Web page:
Ex-Marine says National Lottery funding is key to ‘life-saving’ veterans centre
Adam Edwards, 39, sought help at the centre after being medically discharged from the Royal Marines having been shot in Afghanistan.
A former Royal Marine has said National Lottery funding is “vital” to a veterans centre which helped “save lives”.
Adam Edwards was medically discharged from the 45 Commando based in Arbroath, Angus, after being diagnosed with complex post-traumatic stress disorder having been shot by the Taliban in Afghanistan.
Mr Edwards, who saw his friend killed on the day he was wounded, said when he arrived at the Coming Home Centre in Govan, Glasgow he “didn’t know what to do with (his) life”.
You're sat there like 'what do I do now?' It is very tough Adam Edwards
The 39-year-old, who lives in Helensburgh, Argyll and Bute, credited the centre, where he now works, with saving his life and that of other veterans.
He said veterans have told him that without the centre keeping them engaged through social activities, outings and companionship they “would have died because of the problems in (their) lives”.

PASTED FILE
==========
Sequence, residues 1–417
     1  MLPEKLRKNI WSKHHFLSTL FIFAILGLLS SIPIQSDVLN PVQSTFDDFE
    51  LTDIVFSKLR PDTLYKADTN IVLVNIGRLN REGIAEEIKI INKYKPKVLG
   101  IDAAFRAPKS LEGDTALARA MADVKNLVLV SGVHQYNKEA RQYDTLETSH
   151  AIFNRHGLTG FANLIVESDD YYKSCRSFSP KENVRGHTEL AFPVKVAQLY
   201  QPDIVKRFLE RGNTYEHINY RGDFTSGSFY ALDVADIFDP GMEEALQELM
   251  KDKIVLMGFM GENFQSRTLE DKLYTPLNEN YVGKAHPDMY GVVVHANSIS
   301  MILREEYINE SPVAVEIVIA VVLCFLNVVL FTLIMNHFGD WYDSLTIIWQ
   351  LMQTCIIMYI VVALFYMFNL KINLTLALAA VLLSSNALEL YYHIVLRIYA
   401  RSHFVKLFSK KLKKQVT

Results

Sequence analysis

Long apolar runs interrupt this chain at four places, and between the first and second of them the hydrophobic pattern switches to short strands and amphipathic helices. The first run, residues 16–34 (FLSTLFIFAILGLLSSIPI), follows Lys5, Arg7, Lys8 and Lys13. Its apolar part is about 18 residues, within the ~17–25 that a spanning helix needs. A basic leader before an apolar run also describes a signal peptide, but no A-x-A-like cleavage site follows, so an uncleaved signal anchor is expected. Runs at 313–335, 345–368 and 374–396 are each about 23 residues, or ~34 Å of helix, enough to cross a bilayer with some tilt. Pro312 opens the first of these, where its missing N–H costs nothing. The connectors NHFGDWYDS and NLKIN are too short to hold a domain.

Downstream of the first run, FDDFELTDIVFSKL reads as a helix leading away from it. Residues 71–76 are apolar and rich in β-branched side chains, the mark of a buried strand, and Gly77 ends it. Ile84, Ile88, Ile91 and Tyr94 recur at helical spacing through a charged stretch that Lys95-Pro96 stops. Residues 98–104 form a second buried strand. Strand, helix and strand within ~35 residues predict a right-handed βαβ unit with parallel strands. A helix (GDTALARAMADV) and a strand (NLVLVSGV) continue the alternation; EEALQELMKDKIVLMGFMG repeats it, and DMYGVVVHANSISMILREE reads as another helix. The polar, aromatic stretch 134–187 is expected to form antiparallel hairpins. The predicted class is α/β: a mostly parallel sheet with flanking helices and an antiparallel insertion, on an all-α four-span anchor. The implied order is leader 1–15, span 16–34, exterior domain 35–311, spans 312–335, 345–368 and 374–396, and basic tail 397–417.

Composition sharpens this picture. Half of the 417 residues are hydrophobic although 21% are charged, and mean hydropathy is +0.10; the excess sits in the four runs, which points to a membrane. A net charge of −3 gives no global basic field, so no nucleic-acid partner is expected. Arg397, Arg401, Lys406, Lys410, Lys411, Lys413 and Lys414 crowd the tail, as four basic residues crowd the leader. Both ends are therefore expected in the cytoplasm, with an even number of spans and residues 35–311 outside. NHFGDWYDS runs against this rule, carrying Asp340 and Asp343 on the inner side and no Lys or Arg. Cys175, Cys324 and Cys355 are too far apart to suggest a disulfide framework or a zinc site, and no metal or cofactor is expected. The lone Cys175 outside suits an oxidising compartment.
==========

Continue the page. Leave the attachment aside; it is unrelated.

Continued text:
He said this could also apply to him, adding: “After 11 years in the Royal Marines that’s your identity. It’s just everything.
“It’s more than just a job, it’s your social life, it’s your mission and when something happens to you as it did with me that changes the way you see the world and your place in the world.
“You’re sat there like ‘what do I do now?’ It is very tough.”
The centre has 455 veterans from across Scotland on its books and helps up to 25 a day – providing free tea, coffee and a hot meal as well as a safe place to chat with other people who have been in the services.
It also organises social activities and outings and offers support with issues such as mental and physical health, finances, housing and employment.
The National Lottery has given £90,000 over three years to the centre and Mr Edwards said this is “vital” for its continuing operation.
He said: “That’s around 60% to 70% of our total funding in terms of allowing us to run and operate the centre.
“It also allows us to attract other funding. It’s huge in so many ways.”
He added: “It’s not just the money, it’s the support that comes with it.”
The National Lottery has raised more than £339 million and funded more than 28,700 projects supporting veterans across the UK in the past 25 years.